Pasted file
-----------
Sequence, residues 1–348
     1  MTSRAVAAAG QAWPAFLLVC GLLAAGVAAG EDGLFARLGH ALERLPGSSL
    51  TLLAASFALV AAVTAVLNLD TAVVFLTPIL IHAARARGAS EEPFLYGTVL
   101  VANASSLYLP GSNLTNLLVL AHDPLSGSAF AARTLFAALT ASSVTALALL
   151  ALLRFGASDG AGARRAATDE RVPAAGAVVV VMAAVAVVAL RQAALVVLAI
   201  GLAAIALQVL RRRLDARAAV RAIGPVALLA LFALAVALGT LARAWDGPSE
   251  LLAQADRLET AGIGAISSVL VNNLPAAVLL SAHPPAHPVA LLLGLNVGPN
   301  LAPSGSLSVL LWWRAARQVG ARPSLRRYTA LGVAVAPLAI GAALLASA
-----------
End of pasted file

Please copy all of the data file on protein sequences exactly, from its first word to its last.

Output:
Sequence, residues 1–348
     1  MTSRAVAAAG QAWPAFLLVC GLLAAGVAAG EDGLFARLGH ALERLPGSSL
    51  TLLAASFALV AAVTAVLNLD TAVVFLTPIL IHAARARGAS EEPFLYGTVL
   101  VANASSLYLP GSNLTNLLVL AHDPLSGSAF AARTLFAALT ASSVTALALL
   151  ALLRFGASDG AGARRAATDE RVPAAGAVVV VMAAVAVVAL RQAALVVLAI
   201  GLAAIALQVL RRRLDARAAV RAIGPVALLA LFALAVALGT LARAWDGPSE
   251  LLAQADRLET AGIGAISSVL VNNLPAAVLL SAHPPAHPVA LLLGLNVGPN
   301  LAPSGSLSVL LWWRAARQVG ARPSLRRYTA LGVAVAPLAI GAALLASA